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The Philippine government has finally released implementing guidelines for the fuel marking program designed to curb oil smuggling and plug revenue losses arising from illegal importation or misdeclaration of petroleum products.

Joint Circular (JC) No. 01-2019 gives customs and internal revenue officers police powers to search premises, vehicles or vessels when there is probable cause or verified information that adulterated or diluted fuel is produced or stored in the facility.

JC 01-2019 implements the mandatory marking of refined, manufactured, or imported gasoline, diesel and kerosene in the Philippines, including those withdrawn from freeport zones to be introduced into the country, after taxes and duties have been paid.

Dated July 5, the JC was signed by Finance Secretary Carlos Dominguez III, Customs commissioner Rey Leonardo Guerrero, and Internal Revenue commissioner Caesar Dulay. It takes effect immediately after publication in a newspaper of general circulation.

The fuel marking program, which was formally launched last February, involves random field testing and confirmation on fuel required to be marked to check compliance with the mandatory marking requirement.

Marking of fuel products, whether imported or manufactured in the Philippines, becomes mandatory five years after the Tax Reform for Acceleration and Inclusion (TRAIN) law took effect January 2018.

BIR and BOC will implement the fuel marking program, including collection of marking fees. Under the National Internal Revenue Code (NIRC), as amended, BIR will collect the fuel marking fees for locally refined or manufactured petroleum, and BOC the imported petroleum products.

The joint venture Swiss-based SICPA SA and SGS Philippines will be the fuel marking provider.

Conduct of field tests

Field testing in refineries and their attached depots, gasoline stations and other retail outlets will be supervised by BIR. Field testing in all other areas such as vessels, depots, warehouses, tank trucks, or similar fuel-transporting vehicles will be supervised by BOC.

When necessary or convenient, the BIR and BOC officer, who will be assigned as member of field inspection teams, may be authorized to conduct testing in other areas.

A joint special task force may be established by BIR and BOC for the purpose of field testing.

JC 01-2019 notes that at all times, the BIR and BOC, accompanied by representatives of the fuel marking provider, must observe the appropriate protocol when entering the premises, including when presenting the mission order and necessary identification.

When there is reasonable cause or verified information received that a vessel, tank truck, or similar fuel-transporting vehicle is carrying any unmarked, adulterated, or diluted petroleum products, the BOC or BIR officer nearest the vicinity may conduct a stop and search in line with his authority to search for taxable products under Section 171 of NIRC and Section 222 of the Customs Modernization and Tariff Act (CMTA).

The BIR or BOC officer nearest a fuel manufacturing or refining facility, gasoline station and other retail outlet, depot, warehouse, building or place may enter and search the premises when there is probable cause or verified information that adulterated or diluted fuel is produced or stored in the facility.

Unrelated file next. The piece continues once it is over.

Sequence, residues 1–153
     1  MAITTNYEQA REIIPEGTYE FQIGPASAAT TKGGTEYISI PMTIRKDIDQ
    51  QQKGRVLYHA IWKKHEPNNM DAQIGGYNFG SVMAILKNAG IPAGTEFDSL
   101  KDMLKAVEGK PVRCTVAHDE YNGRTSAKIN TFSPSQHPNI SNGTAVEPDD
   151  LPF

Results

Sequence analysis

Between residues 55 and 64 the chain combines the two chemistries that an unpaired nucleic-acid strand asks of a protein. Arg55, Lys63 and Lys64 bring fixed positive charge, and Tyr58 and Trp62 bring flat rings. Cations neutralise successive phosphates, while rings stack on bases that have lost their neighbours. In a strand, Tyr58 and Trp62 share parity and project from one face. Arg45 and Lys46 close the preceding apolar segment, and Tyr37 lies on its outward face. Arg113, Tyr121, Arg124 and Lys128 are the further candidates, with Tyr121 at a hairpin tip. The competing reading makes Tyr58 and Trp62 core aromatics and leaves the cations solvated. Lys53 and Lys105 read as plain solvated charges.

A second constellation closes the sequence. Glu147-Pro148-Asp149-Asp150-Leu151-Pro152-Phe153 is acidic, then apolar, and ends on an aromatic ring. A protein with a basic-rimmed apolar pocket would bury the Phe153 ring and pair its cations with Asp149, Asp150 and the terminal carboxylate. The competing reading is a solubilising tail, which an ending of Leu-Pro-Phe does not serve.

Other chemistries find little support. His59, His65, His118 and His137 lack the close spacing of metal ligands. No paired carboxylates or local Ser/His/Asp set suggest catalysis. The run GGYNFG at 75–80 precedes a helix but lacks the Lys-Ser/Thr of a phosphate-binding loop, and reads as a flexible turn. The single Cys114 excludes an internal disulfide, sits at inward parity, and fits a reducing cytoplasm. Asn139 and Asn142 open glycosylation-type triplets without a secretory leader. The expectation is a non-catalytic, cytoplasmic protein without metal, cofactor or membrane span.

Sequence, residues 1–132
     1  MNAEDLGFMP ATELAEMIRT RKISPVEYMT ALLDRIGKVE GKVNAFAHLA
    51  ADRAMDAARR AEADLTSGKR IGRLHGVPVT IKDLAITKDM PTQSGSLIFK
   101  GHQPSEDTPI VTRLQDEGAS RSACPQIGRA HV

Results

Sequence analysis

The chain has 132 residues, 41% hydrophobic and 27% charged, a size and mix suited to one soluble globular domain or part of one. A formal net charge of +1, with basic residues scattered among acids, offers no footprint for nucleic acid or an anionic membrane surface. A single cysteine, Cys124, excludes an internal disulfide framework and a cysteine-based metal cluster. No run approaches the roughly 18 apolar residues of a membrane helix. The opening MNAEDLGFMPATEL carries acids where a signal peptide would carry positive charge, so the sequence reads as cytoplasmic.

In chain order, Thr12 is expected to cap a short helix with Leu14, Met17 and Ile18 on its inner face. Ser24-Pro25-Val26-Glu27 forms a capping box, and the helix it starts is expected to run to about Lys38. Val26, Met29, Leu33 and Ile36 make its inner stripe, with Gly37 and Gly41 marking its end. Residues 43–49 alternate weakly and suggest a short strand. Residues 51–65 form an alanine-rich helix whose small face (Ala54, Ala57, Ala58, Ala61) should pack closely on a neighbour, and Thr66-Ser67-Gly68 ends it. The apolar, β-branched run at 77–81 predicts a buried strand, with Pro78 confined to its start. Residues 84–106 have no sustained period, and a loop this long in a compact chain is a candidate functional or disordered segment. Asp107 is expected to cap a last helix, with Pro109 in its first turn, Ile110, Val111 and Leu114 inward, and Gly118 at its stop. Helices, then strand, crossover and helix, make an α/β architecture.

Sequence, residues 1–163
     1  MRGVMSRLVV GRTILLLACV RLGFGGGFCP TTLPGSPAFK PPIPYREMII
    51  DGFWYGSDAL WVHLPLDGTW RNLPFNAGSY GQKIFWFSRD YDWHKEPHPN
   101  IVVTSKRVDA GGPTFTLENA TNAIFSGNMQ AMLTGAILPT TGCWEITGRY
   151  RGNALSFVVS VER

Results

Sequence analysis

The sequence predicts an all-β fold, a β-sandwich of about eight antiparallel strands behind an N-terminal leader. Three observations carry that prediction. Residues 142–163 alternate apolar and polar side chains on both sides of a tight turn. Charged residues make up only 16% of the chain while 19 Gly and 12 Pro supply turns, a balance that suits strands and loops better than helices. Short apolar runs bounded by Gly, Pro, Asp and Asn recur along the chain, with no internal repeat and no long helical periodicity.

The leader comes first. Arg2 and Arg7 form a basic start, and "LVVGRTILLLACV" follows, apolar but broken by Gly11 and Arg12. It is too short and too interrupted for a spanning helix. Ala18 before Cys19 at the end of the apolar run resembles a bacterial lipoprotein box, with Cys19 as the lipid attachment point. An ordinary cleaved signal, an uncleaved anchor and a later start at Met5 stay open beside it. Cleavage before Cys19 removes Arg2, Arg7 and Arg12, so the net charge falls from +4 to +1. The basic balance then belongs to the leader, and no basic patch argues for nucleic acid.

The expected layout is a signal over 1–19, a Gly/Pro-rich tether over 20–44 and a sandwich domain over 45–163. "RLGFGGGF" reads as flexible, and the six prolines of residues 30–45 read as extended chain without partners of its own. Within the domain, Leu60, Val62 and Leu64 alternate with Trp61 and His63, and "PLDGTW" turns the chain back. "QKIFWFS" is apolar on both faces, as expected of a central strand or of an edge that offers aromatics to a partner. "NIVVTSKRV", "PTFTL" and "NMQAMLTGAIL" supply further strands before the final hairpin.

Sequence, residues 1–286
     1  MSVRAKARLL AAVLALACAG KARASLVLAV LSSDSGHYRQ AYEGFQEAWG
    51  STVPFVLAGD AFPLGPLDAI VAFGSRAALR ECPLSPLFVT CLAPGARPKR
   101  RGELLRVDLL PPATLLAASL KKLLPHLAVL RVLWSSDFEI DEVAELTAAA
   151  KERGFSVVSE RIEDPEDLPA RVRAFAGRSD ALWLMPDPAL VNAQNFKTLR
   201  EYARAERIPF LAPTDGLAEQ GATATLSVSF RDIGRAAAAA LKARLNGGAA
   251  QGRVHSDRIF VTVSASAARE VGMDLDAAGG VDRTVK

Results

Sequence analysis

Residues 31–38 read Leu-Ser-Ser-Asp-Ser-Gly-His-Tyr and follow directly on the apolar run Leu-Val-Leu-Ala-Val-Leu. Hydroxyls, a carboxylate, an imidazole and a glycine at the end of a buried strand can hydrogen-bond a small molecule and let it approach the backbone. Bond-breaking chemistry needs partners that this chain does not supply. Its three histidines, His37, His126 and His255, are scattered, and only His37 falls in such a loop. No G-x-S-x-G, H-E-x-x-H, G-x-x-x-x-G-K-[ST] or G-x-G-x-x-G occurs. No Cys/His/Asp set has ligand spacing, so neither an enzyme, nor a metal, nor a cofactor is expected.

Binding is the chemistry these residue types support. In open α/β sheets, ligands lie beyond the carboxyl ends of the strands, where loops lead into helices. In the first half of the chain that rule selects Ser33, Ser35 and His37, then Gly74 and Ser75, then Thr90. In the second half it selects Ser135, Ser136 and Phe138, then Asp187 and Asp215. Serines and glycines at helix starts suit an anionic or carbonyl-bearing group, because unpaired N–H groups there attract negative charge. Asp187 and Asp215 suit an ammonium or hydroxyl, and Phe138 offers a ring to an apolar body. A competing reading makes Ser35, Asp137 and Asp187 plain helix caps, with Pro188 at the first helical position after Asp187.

Immediate testing, proper documentation

In all instance, the fuel marking provider must immediately test the petroleum product suspected to be unmarked, adulterated, or diluted, observing proper documentation of the process at all times, JC 01-2019 said.

Pursuant to Sections 15 and 171 of the NIRC and Section 214 of the CMTA, BIR and BOC officials and personnel may effect the search and seizure of the petroleum products found to be unmarked, adulterated, or diluted. All members of the field inspection units (FIUs) are deemed automatically deputized to perform the necessary function to effect the search, seizure and arrest.

Only authorized trained specialists by the fuel marking provider can mark the petroleum products, noted JC 01-2019. In no instance shall the marker have any unauthorized person including depot and refinery personnel, it added.

The marking process shall be undertaken with the oil company/depot representatives present to witness and attest to the veracity of the marking process, together with BOC and/or BIR officers, if warranted. For refineries, the injection processes are deemed undertaken in the presence of the refinery operation technicians.

Marked fuel products will not be stored and commingled with unmarked fuel products.

Locally refined or manufactured and imported petroleum products fully marked with the official fuel marker will be deemed for domestic distribution, use or consumption within the Philippine territory. No marked fuel, in whole or in part, will be allowed to be removed or transferred for exportation.

In case the petroleum product is found without the official marker or does not contain the required level of marker, the appropriate excise taxes will be assessed and collected, inclusive of the appropriate penalties, without prejudice to the confiscation and forfeiture of such unmarked or diluted fuel and the filing of the appropriate criminal case.

Pending assessment and payment of the excise tax due including the penalty, the field inspection team will impound the non-compliant fuel on site in accordance with the procedures to be issued.

All offenses relating to fuel marking will, in addition to penalties imposed under Title X of the NIRC, as amended, Section 1401 of the CMTA and other relevant laws, be punishable under Section 265-A of the NIRC, as amended.

The fuel marking provider will also provide the necessary training to BOC and BIR personnel to allow effective transfer of technology that provides an end-to-end solution to fuel tax fraud. – Roumina Pablo

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